Taco Bell's "fourth meal" might get a little bit healthier.
With New Nutritional Goals, CEO Promises a 'Better Taco Bell'
Taco Bell Wednesday announced it was overhauling some of its menu items to meet stricter nutritional standards. The move is yet another sign that food companies are trying to keep ahead of regulatory efforts and changing consumer desire for more healthful fare.
CEO Greg Creed said during a conference call with reporters that the chain plans to offer more nutritionally sound products and offer more transparency. The chain is aiming to have 20% of combo meals meet only one-third of the U.S.' daily recommended guidelines, operating on the assumption that most people eat three meals per day. For instance, based on a 2,000 calorie diet recommended by the U.S. Department of Agriculture, Taco Bell would pledge to have 20% of its meal deals have no more than one-third of that total calorie count, or an estimated 666 calories. "We have to offer more balanced options," he said.
Not just calories will be affected -- dietary guidelines for fat, sodium and other ingredients will be taken into consideration. Missy Schaaphok, nutritionist for product development at Taco Bell said that the chain has "a social responsibility" to its 36 million customers who visit Taco Bell weekly, adding that about five meal options on the meal deal menu now meet the new guidelines.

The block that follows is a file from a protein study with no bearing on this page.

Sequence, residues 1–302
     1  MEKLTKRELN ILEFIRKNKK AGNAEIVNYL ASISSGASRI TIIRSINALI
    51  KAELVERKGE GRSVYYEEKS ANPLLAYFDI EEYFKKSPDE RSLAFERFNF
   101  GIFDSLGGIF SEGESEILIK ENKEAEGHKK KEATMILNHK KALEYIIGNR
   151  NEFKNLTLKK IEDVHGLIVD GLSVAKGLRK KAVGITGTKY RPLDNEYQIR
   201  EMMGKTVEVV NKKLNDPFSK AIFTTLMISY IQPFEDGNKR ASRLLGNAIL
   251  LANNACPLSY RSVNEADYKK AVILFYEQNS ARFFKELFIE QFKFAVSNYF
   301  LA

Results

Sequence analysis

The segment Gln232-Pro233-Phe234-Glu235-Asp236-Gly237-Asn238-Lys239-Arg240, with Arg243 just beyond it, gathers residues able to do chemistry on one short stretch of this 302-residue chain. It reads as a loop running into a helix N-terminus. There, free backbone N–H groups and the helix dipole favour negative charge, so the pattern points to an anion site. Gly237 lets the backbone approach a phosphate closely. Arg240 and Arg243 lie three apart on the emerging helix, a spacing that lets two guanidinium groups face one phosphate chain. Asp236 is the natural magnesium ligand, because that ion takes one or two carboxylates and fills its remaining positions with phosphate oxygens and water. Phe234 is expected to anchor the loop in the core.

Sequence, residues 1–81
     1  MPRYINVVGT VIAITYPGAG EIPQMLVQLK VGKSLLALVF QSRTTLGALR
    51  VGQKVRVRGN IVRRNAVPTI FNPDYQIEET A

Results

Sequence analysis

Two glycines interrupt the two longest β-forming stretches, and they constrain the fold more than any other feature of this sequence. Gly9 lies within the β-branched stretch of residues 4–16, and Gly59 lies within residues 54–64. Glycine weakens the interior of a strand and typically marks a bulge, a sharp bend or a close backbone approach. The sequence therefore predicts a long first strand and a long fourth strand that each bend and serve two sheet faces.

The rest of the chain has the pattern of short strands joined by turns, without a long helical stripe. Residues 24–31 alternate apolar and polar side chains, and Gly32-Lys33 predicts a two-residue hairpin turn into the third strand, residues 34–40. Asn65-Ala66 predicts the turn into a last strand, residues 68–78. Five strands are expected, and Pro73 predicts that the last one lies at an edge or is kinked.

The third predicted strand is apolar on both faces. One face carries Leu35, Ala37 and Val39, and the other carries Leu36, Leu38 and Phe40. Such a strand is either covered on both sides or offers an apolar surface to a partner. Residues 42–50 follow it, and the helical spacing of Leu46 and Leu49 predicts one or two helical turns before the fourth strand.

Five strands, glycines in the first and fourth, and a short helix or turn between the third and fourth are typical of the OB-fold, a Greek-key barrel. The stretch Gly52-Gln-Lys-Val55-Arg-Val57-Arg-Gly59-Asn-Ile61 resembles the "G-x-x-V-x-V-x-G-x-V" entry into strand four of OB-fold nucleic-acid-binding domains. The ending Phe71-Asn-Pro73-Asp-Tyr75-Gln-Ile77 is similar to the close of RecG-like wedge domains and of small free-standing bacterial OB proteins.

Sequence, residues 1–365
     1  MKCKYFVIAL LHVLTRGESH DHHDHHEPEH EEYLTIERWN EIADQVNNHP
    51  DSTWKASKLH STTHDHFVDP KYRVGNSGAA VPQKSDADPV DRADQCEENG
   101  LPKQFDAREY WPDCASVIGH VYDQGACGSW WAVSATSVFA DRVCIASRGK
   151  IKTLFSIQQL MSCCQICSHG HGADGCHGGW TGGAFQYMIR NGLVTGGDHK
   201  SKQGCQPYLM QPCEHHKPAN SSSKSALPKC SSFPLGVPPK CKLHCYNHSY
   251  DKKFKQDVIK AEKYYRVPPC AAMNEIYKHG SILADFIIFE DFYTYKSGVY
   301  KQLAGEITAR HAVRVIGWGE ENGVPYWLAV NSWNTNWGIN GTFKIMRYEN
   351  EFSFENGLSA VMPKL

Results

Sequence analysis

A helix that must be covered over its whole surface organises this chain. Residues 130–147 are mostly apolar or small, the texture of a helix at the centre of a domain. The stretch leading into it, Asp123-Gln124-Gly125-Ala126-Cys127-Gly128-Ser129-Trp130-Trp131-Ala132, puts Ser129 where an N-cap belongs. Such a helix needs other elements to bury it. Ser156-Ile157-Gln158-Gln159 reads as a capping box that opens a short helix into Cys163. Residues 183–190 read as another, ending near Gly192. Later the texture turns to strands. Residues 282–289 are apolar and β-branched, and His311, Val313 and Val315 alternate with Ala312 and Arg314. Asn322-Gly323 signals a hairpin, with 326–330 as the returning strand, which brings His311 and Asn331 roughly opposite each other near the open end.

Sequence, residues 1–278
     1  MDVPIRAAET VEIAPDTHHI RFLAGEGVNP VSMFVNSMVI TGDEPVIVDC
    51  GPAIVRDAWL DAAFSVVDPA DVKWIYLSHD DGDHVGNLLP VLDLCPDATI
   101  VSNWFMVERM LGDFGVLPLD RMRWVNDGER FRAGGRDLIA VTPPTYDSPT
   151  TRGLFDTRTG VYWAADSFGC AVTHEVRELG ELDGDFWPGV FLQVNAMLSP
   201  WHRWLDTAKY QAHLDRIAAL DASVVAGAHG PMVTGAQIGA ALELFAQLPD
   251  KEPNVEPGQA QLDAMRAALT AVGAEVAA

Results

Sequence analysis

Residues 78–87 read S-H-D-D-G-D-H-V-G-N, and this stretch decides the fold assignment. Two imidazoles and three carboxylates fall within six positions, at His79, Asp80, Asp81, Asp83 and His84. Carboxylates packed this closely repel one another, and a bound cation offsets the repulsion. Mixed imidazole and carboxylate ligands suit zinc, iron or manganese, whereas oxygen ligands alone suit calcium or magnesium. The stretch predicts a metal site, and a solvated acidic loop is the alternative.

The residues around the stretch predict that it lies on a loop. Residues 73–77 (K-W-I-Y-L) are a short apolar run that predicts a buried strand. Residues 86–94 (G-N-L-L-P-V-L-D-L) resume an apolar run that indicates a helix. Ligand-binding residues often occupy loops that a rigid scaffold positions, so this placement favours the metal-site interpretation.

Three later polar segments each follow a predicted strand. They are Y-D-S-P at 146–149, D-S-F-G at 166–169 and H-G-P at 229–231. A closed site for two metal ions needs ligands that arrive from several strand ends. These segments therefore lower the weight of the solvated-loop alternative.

Taco Bell declined to state exactly what menu items will be affected, but did say that reformulations are on the table and that the chain will be testing new items in the latter half of the year for a projected 2014 rollout.
No fundamental change
Mr. Creed was quick to point out that the Taco Bell brand will not undergo a fundamental change. "We are not going to walk away from who Taco Bell is," said Mr. Creed, adding that the company recognizes that in order to grow its business, it needs to be a "better Taco Bell" and a "more relevant Taco Bell." The company has said publicly that it plans to double the size of its business in the next 10 years, going from roughly $7 billion annually in sales to $14 billion.
Ad Age reported in February that a study by the Hudson Institute found that lower-calorie foods were driving growth at major restaurant chains. Between 2006 and 2011, lower-calorie foods and beverages were the growth drivers for the chains analyzed, and in 17 of the 21 chains studied, lower-calorie foods and drinks outperformed items that were not lower-calorie.
Taco Bell began reducing sodium in its products in 2009 and 2010, cutting sodium on average 20% across the menu. Taco Bell also has "fresco" options, which are items served without cheese and sour cream, reducing calorie count and fat content. Mr. Creed said that those only account for about 2% of Taco Bell's sales.
Mr. Creed and Ms. Schaaphok hinted that the chain would overhaul its kids' meals.
Taco Bell last year rolled out its Cantina menu, a platform that it introduced to increase quality perception of Taco Bell, as well as a way for the chain to compete with Chipotle, which general has better quality perception than Taco Bell.
Some fast-food chains in recent years have been working to jettison the image that they offer little more than junk food. McDonald's in 2011 announced it would revamp its menu by 2020, reducing added sugar, saturated fat and calories through varied portion sizes and reformulations. Many of the chicken items have gone through a 10% reduction in sodium; McDonald's will reduce sodium an average of 15% across its national menu by 2015. McDonald's most recently rolled out the McWrap this month in the hopes that consumers, particularly Millennials, will view the product as fresh.